About this item:

326 Views | 0 Downloads

Author Notes:

Address for reprint requests and other correspondence: C. Wongtrakool, Emory Univ. School of Medicine, Division of Pulmonary, Allergy and Critical Care, Whitehead Biomedical Research Bldg., 615 Michael St., Rm. 205-M, Atlanta, GA 30322 (e-mail: cwongtr@emory.edu)

Subject:

Research Funding:

National Heart, Lung, and Blood Institute : NHLBI

This work was supported by National Heart, Lung, and Blood Institute Grant HL080293 (to C. Wongtrakool) and Department of Defense Grant PR043305 (to J. Roman).

This work was supported by National Heart, Lung, and Blood Institute Grant HL080293 (to C. Wongtrakool) and Department of Defense Grant PR043305 (to J. Roman).

Keywords:

  • lung growth
  • nicotinic receptors

Nicotine alters lung branching morphogenesis through the α 7 nicotinic acetylcholine receptor

Tools:

Journal Title:

AJP - Lung Cellular and Molecular Physiology

Volume:

Volume 293, Number 3

Publisher:

, Pages L611-L618

Type of Work:

Article | Post-print: After Peer Review

Abstract:

There is abundant epidemiological data linking prenatal environmental tobacco smoke with childhood asthma and wheezing, but the underlying molecular and physiological mechanisms that occur in utero to explain this link remain unelucidated. Several studies suggest that nicotine, which traverses the placenta, is a causative agent. Therefore, we studied the effects of nicotine on lung branching morphogenesis using embryonic murine lung explants. We found that the expression of α 7 nicotinic acetylcholine receptors, which mediate many of the biological effects of nicotine, is highest in pseudoglandular stage lungs compared with lungs at later stages. We then studied the effects of nicotine in the explant model and found that nicotine stimulated lung branching in a dose-dependent fashion. α-Bungarotoxin, an antagonist of α 7 nicotinic acetylcholine receptors, blocked the stimulatory effect of nicotine, whereas GTS-21, a specific agonist, stimulated branching, thereby mimicking the effects of nicotine. Explants deficient in α 7 nicotinic acetylcholine receptors did not respond to nicotine. Nicotine also stimulated the growth of the explant. Altogether, these studies suggest that nicotine stimulates lung branching morphogenesis through α 7 nicotinic acetylcholine receptors and may contribute to dysanaptic lung growth, which in turn may predispose the host to airway disease in the postnatal period.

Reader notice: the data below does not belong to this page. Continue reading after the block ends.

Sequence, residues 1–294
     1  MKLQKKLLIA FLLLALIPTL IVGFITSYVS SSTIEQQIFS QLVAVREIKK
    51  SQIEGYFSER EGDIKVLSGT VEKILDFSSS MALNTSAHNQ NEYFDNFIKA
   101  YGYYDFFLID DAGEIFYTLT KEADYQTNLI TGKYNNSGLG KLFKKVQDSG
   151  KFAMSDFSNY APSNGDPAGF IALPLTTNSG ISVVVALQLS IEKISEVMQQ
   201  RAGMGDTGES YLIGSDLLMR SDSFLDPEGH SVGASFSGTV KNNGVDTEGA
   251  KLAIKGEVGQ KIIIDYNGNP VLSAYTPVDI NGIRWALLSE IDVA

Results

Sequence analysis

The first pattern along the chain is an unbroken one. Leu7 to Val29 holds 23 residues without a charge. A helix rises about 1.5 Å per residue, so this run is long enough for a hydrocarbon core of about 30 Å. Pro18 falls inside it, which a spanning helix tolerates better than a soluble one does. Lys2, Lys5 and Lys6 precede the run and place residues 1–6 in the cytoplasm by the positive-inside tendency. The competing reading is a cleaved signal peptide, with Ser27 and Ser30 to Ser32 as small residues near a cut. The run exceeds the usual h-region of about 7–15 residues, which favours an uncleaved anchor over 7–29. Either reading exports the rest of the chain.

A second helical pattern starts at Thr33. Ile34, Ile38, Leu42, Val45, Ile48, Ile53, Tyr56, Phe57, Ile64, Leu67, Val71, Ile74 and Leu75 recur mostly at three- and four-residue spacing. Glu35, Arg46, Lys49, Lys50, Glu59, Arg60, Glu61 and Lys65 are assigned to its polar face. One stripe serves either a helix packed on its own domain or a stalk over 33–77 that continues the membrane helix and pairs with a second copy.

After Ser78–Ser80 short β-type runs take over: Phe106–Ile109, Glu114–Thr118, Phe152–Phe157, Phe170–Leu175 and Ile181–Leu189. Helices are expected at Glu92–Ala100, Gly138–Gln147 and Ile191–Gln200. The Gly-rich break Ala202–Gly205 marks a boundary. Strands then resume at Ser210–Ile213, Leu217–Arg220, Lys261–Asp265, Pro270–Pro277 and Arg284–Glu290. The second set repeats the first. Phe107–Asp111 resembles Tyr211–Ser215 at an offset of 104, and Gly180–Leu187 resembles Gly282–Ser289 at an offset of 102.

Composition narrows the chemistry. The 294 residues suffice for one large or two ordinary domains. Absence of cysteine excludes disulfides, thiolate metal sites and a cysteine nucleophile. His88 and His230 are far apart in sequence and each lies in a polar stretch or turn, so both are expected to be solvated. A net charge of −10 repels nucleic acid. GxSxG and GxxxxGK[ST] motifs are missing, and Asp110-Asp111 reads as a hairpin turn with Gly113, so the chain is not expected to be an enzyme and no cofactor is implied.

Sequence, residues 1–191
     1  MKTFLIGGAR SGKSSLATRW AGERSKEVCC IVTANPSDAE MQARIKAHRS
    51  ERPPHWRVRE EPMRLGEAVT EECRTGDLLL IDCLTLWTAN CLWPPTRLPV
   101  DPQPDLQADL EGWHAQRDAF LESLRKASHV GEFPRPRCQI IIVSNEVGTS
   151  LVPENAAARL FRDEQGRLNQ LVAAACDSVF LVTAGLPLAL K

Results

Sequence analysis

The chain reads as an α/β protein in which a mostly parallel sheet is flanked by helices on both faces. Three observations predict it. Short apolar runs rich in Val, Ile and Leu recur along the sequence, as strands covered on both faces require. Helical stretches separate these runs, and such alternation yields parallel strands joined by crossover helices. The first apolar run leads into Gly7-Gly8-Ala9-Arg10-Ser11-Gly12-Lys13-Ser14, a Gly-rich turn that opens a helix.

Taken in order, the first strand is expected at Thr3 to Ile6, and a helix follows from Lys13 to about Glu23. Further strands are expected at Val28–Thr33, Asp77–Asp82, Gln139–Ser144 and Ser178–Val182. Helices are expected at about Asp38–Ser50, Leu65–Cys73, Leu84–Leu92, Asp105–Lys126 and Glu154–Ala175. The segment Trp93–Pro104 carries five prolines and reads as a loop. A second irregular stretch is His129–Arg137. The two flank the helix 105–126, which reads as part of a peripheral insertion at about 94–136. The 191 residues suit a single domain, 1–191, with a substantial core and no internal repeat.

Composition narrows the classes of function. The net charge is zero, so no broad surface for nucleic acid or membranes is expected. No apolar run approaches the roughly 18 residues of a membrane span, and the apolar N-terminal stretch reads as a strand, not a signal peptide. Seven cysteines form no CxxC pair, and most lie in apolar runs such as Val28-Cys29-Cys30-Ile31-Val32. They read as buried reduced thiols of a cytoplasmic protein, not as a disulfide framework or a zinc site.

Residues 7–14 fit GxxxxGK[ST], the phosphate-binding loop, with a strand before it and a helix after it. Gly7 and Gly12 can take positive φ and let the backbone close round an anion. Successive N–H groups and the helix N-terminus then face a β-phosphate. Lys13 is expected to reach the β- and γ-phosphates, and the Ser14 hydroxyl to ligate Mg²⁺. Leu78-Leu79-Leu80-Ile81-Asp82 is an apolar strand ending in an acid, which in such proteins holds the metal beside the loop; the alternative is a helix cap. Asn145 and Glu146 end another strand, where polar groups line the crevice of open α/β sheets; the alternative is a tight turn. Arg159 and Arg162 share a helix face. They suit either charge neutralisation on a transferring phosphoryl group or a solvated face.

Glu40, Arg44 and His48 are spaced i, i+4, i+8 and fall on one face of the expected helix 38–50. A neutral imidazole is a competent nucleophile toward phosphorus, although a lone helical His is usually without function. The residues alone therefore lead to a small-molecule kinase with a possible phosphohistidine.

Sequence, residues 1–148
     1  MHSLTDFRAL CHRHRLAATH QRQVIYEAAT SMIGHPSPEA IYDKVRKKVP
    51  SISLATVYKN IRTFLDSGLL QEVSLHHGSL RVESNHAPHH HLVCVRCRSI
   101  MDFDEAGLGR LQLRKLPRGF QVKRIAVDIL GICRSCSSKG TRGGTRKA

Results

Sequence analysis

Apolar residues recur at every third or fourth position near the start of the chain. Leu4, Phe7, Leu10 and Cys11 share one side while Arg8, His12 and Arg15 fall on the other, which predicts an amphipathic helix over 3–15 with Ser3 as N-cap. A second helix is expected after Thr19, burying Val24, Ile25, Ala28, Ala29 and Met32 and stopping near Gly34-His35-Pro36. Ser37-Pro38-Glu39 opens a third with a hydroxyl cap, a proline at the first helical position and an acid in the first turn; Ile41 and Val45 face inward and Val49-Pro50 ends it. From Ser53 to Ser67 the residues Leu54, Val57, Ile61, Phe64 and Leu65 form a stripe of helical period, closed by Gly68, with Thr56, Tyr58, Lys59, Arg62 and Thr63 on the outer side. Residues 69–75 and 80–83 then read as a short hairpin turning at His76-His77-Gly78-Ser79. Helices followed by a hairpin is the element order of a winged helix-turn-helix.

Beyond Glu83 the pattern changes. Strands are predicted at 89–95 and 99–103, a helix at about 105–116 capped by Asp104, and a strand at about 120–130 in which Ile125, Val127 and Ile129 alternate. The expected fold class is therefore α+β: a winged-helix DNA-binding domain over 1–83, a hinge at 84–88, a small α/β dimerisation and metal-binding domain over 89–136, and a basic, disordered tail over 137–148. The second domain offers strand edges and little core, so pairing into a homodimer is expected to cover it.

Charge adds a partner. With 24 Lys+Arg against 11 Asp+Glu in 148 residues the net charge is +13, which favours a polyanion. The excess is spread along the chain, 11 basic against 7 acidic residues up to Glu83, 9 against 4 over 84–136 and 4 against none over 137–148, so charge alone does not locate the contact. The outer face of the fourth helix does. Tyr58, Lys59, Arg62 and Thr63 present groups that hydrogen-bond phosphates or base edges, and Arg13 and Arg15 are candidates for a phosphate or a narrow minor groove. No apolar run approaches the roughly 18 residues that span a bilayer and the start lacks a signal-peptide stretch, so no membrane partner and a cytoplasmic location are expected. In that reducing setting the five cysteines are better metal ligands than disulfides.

Copyright information:

© 2007, The American Physiological Society

Export to EndNote